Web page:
Image from Rosetta spacecraft July 29, 2014.  Credits: ESA/Rosetta/MPS for OSIRIS Team MPS/UPD/LAM/IAA/SSO/INTA/UPM/DASP/IDA.

ESA (European Space Agency) probe Rosetta released this image of Comet 67P/Churyumov-Gerasimenko of July 29. (Link below if you have no idea what I’m talking about)

Taken from a distance less than 2000 kilometers, this tiny (3.5 x 4 Km.) space object is about to make history. In less than a week, following Close Approach Trajectory burns on August 3 and 6 – Rosetta will be traveling tandem at a distance of 100 Km. All leading up to November 11 when Rosetta deploys the Philae probe – a carefully planned landing of scientific instruments on a miniscule chunk of gas, dust and ice orbiting our Sun between Mars and Jupiter, at a distance of 544 million kilometers.

A year from now, 67P’s orbit will take it within 185 million kilometers of the sun. Science understood timing is everything – Rosetta had to encounter 67P at exactly the right moment.  Rosetta’s destiny set in stone long before the moment of countdown.  A year from now and millions of kilometers closer to the sun –  solar energy heated gases and melting ice will turn this polite little comet into an unpredictable, swollen renegade – science had an idea, made a plan, and knew the precise moment landing a probe on this distant Comet was possible.

Ponder what it took to launch a satellite 10 years ago, calculate precise orbits of our planet and Mars using gravitational pull as a means of propulsion, toss in a 31 month “sleep”, wake Rosetta at precisely the right moment, initiate a series of controlled “burns” to slow and edge it closer to the surface, maneuver it until traveling in tandem – all geared towards 7 – 10 glorious days of data collected by landing a probe on the surface in November.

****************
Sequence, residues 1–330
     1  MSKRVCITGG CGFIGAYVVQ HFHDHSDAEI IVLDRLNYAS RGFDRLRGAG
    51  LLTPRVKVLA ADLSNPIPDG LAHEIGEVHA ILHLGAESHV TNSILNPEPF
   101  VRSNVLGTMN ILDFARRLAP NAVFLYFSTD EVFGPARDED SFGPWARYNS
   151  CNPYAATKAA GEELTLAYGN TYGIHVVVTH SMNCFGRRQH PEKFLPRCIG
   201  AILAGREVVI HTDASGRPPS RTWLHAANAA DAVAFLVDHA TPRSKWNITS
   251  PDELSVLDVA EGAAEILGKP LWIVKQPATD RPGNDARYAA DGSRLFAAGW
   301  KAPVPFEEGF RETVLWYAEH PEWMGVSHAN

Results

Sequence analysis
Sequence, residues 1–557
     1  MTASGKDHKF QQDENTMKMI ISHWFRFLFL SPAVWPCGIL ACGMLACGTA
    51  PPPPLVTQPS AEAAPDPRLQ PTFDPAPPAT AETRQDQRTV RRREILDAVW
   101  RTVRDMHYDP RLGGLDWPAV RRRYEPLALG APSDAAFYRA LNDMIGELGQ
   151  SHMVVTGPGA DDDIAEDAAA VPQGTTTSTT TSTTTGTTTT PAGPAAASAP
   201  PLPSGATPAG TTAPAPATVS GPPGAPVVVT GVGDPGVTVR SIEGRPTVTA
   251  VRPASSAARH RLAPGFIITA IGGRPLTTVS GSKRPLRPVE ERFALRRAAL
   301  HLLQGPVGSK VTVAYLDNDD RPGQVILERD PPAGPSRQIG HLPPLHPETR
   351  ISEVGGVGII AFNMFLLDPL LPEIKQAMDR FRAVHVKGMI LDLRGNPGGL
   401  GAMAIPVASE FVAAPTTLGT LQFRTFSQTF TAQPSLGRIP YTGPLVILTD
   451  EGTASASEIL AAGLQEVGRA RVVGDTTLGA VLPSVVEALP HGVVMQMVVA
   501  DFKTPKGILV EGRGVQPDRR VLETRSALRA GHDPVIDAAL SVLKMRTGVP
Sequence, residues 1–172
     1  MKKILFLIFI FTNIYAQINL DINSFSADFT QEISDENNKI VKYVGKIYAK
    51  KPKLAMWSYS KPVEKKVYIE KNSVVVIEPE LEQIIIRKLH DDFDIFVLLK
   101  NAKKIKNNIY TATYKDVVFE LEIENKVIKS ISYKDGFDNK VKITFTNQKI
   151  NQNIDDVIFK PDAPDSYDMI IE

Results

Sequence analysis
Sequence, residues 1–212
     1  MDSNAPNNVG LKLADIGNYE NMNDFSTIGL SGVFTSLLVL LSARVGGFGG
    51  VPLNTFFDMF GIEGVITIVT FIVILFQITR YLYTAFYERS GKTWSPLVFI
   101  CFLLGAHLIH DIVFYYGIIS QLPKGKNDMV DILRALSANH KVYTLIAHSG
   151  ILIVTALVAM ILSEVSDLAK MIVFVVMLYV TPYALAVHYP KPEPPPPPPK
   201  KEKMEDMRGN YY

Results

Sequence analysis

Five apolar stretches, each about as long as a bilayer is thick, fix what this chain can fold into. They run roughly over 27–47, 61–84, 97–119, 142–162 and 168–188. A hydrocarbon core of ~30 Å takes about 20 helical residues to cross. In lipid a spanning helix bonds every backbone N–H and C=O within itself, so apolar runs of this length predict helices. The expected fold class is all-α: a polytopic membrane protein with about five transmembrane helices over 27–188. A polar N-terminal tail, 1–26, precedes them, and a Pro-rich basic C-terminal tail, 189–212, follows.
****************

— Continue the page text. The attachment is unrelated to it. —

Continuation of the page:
Remarkable as Rosetta’s anticipated comet landing may be, well over 6000 active probes and satellites currently expand our understanding of the universe. Click this link for an eye opening lesson….

This link for Rosetta news….

My only wish is that I could be alive 50 years from now to witness our understanding of the cosmos. There’s no doubt in my mind it will turn conventional thinking on its head – who knows, it might just be Rosetta who unlocks the door.


Rosetta Mission

In March 2004, the European Space Agency launched Rosetta – the mission, to reach Comet 67P/Churyumov-Gerasimenko by August 2014, deploying a probe (dubbed Philae after an obelisk discovered on an island in the Nile leading to further unraveling of Egyptian writing and the Rosetta Stone) , one destined as the first to  land on a comet surface.

Comet 67P/ Churyumov-Gerasimenko travels around the Sun at approximately 800 million kilometers, on an orbit between Earth and Jupiter. For Rosetta to make the journey, “gravity assists” (momentum from flybys of Mars in 2007, and Earth in 2005, 2007 and 2009) explain the 10 years and over 6 billion kilometers Rosetta travels before reaching her destination.

Recently woken from a 31 month slumber, Rosetta sent extraordinary pictures on July 14 indicating the comet might be a binary system (one with two nucleus orbiting each other). On July 24, more pictures will be released following a “FAT burn” (far approach trajectory) adjustment to slow Rosetta down. “CAT burns” (close approach trajectory) on August 3 and 6 will place Rosetta 100 kilometers from the comet surface, traveling in polite unison. Months of August and September bring another “burn” taking Rosetta within 70 kilometers of the surface. October will find Rosetta within 5 kilometers of the surface, looking for a place to land Philae.

Possibly a few days one way or the other, November 11, 2014 Philae will separate from Rosetta, land on the comet surface, deploying anchors to keep it in place. For the next 7 days, a few more if we’re lucky, Philae will sample gases, water, ice, mineral composition – all while taking close up and panoramic pictures of the surface.

Ponder a unmanned space probe using gravitational support and a whole lot of ingenuity to journey 6 billion kilometers in 10 years – all for the prize of a week or so on the surface of a distant comet. If that doesn’t blow your mind, or at very least pass a “holy crap” through your head – I give up.